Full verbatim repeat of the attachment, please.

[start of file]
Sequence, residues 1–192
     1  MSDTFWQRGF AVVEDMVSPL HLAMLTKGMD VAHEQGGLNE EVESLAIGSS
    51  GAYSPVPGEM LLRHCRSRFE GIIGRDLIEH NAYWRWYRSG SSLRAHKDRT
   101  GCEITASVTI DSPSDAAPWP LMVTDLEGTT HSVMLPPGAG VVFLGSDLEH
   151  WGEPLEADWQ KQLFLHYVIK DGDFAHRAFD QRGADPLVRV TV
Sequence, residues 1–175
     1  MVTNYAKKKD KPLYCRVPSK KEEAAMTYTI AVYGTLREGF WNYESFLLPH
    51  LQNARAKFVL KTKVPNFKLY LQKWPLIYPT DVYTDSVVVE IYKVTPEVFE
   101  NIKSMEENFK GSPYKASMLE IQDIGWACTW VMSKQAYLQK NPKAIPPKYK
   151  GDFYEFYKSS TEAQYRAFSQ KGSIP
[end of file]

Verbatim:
Sequence, residues 1–192
     1  MSDTFWQRGF AVVEDMVSPL HLAMLTKGMD VAHEQGGLNE EVESLAIGSS
    51  GAYSPVPGEM LLRHCRSRFE GIIGRDLIEH NAYWRWYRSG SSLRAHKDRT
   101  GCEITASVTI DSPSDAAPWP LMVTDLEGTT HSVMLPPGAG VVFLGSDLEH
   151  WGEPLEADWQ KQLFLHYVIK DGDFAHRAFD QRGADPLVRV TV
Sequence, residues 1–175
     1  MVTNYAKKKD KPLYCRVPSK KEEAAMTYTI AVYGTLREGF WNYESFLLPH
    51  LQNARAKFVL KTKVPNFKLY LQKWPLIYPT DVYTDSVVVE IYKVTPEVFE
   101  NIKSMEENFK GSPYKASMLE IQDIGWACTW VMSKQAYLQK NPKAIPPKYK
   151  GDFYEFYKSS TEAQYRAFSQ KGSIP